Tuesday, November 12, 2013

Train Time Tuesday (Worknight)

There's a lot of good advice out there that if you don't set aside some specific, regular time to work on a large project, you won't get as much done, if anything.  I'm nowhere near as disciplined as I'd like to be with time management, but at least when it comes to the Valley Local project I've set aside one evening per week as a regular worknight - call it "Train Time Tuesday."

Tonight's session was especially important since my next operating session is this Thursday and I still had a few "punch list" items to do.  So, right after dinner I headed to the basement.  When it comes to pre-ops-session worknights, it's best to prioritize operations-related items: dead tracks, inoperable turnouts, etc.  I'd staged the layout over the weekend & last Thursday before the guys came over for Photo Library night Randy temporarily fixed the south switch at Rocky Hill.  But I still had to power some sidings and fix a broken throttle.

Check Suitcase Connectors

During the shake-down ops session, the sidings at the slaughterhouse in Middletown and the tank track at Dividend had decided to go dead.  The feeders had come unsoldered at the slaughterhouse, so that was just a matter of re-soldering them.  But both of the wires at the tank track seemed fine - all tightly attached, but there was still no power getting to one rail, the one with the white feeder wire.  As the photo above shows, the culprit ended up being a loose (or at least not-tight-enough) suitcase connector.  I clipped a test light to the track and squeezed the connector with a pair of pliers until the light came on bright and steady (see it shining in the pic).   Lesson: Dead tracks don't always mean the feeders need to be resoldered.

Fixing & Improving Throttles

As I mentioned in my last post, one of my throttles took "shake down" literally and decided to take a header to the concrete floor during the last session.  Consequently, the antenna broke off - actually, the solder connecting the antenna connector to the PCB had broken.  So that connector needed to be resoldered and I figured while everything was apart anyway, I'd install a couple of lanyards to keep these throttles safe in the future.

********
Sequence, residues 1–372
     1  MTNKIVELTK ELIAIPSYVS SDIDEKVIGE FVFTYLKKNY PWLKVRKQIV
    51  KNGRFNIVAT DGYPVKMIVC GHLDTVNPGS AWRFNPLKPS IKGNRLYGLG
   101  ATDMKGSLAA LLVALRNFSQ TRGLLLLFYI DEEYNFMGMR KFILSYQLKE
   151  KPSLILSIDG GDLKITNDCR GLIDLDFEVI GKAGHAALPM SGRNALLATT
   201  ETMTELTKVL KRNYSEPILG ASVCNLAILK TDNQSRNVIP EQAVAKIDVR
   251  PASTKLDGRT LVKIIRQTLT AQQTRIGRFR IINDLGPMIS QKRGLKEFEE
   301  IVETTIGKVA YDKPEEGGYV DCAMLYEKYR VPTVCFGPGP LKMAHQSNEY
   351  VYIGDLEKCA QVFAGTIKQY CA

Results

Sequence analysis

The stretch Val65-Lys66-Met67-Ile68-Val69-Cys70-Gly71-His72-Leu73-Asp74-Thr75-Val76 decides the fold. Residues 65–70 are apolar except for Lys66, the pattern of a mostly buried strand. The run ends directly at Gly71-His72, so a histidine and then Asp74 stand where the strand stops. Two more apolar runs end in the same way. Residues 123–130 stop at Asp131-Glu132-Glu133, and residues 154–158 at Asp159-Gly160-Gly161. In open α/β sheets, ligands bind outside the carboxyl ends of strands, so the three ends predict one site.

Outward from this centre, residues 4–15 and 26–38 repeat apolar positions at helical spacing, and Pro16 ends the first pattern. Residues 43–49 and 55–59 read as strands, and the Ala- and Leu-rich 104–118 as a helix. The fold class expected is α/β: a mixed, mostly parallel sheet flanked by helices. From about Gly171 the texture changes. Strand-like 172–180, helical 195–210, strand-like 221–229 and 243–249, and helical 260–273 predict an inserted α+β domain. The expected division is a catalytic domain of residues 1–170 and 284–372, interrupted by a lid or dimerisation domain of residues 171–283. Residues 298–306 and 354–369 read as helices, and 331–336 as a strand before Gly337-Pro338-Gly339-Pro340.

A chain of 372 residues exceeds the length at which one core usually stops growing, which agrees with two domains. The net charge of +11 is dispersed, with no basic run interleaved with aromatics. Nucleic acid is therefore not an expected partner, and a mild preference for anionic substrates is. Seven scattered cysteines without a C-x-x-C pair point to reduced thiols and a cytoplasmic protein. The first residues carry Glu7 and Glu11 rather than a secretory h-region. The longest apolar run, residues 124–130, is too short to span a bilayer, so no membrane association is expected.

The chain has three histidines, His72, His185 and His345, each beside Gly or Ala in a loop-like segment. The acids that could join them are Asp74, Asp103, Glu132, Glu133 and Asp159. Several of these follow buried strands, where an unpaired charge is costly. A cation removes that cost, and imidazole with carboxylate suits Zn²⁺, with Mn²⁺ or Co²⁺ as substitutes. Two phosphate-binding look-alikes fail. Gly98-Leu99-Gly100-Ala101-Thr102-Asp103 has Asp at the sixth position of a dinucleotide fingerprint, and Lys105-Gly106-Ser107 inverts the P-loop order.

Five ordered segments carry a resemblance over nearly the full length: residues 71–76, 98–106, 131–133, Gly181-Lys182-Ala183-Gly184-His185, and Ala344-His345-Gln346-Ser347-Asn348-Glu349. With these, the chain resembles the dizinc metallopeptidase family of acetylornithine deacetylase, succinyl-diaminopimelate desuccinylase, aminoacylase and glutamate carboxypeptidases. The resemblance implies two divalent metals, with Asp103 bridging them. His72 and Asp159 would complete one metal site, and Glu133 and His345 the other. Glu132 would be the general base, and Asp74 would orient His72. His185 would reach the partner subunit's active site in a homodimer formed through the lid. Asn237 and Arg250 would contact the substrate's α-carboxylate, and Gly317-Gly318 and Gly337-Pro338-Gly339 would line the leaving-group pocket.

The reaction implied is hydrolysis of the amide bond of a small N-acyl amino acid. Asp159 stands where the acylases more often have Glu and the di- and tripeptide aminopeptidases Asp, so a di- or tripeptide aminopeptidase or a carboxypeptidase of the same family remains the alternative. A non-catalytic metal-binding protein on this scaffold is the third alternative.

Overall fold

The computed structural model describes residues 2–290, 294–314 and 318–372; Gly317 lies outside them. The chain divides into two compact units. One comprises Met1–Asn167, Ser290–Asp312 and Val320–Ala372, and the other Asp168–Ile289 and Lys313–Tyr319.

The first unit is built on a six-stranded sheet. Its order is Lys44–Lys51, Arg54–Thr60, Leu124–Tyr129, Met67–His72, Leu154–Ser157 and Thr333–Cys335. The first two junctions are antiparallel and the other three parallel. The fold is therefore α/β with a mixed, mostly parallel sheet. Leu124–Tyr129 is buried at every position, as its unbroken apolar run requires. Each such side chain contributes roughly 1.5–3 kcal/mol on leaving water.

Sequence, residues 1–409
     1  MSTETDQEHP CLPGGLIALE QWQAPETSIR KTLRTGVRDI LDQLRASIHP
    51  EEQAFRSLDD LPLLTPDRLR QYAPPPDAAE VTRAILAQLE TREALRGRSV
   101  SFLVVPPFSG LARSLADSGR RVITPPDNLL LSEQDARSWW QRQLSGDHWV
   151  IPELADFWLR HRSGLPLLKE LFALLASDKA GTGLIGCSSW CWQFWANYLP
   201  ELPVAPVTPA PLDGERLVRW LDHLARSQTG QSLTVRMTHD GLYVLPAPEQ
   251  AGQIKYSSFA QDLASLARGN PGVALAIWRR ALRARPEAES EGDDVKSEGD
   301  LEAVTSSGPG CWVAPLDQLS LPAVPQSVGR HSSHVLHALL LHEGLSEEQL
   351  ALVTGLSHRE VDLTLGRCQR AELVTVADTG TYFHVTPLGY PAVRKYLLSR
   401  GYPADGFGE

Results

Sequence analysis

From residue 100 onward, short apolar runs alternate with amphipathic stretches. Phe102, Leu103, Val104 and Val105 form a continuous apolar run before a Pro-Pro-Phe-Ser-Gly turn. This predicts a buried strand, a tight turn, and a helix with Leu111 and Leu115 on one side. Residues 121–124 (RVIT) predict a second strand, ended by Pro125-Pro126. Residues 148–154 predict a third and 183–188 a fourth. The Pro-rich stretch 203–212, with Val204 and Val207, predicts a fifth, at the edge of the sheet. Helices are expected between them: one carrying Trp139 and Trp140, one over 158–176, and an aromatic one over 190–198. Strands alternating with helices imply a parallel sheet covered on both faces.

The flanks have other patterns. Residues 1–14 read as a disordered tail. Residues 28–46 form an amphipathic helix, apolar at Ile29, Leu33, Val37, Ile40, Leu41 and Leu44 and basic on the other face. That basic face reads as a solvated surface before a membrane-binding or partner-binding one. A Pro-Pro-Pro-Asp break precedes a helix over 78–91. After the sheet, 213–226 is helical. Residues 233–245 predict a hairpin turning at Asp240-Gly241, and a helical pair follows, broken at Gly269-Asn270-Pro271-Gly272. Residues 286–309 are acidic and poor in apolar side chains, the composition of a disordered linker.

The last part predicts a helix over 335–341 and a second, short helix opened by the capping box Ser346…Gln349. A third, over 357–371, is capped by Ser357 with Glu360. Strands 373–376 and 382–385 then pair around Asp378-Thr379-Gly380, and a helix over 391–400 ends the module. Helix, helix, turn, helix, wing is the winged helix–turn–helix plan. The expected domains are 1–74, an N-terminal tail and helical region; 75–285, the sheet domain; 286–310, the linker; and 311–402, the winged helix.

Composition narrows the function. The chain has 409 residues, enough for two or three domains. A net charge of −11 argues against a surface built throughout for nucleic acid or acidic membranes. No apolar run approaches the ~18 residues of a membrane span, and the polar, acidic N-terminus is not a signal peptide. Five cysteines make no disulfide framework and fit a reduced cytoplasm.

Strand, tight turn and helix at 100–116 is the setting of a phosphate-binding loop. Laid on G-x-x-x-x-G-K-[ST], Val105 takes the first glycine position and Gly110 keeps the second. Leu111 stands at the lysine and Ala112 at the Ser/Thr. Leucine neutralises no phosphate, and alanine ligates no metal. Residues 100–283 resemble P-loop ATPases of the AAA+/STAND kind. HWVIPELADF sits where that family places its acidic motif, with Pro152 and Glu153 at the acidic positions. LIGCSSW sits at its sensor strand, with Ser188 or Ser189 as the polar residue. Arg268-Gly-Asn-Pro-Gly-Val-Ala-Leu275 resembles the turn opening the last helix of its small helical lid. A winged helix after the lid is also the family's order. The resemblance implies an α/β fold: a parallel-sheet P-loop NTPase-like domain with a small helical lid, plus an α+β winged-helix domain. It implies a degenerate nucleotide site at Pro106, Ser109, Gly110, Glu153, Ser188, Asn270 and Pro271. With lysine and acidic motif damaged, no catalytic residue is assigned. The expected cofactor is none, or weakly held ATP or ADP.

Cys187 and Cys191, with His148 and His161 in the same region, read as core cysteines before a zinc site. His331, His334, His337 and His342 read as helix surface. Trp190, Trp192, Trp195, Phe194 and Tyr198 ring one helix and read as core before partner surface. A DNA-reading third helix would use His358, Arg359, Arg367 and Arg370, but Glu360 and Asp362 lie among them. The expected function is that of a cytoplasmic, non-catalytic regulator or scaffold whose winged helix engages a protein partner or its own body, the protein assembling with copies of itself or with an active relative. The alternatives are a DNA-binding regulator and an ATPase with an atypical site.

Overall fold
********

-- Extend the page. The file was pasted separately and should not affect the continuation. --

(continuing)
So I picked up a package of lanyards & some small screw eyes and went to work.

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Four screws give you access to the inside - be careful since the two PCBs are connected with a wiring harness.

The PCBs are attached with double-sided foam tape so you can remove them with some care, though the smaller one is easier to remove (since the control knob isn't holding it in).  Bonus: the smaller one also has the antenna connector, which I needed to get to.  See above.

Here's a closeup of the antenna connector resoldered.  It ain't pretty, but at least I cleaned off the flux with denatured alcohol after this pic was taken.

Next, I installed the screw eyes by drilling a #43 hole in the bottom of the casing.  Be sure that the screw won't interfere with anything once it's screwed in.  Then attach the lanyard.  See above.

Now that that's done, all I have left to do before Thursday is re-print the switchlists and update the Bulletin Orders.  While we'll be doing the same session as last time, I noticed a couple typos.  Turns out having the wrong car number on a switchlist can be a problem.  Who knew?  Besides, I'm sure my operators will appreciate nice clean swithlists of their own.  The last session also highlighted a couple of close clearances that I'll have to note on an updated bulletin order.

But all in all, I'm in good shape for Thursday.  I know I'm not the first to say it, but I'm discovering how really true it is: having regular operating sessions really does motivate you to work on the layout.  If it wasn't for this coming Thursday, Train Time Tuesday would more likely have been TV Time Tuesday!


  1. Wow, lot of small jobs done in short order. Look forward to hearing how the operating session went, the first one set a high bar to maintain!

    1. Thanks Pete - yeah, having an operating session coming up sure does provide that extra huge shot of motivation. Otherwise, I really would've probably just let these things slide - and likely for too long. I've certainly done enough of THAT in the past (or maybe I should say "not done"...)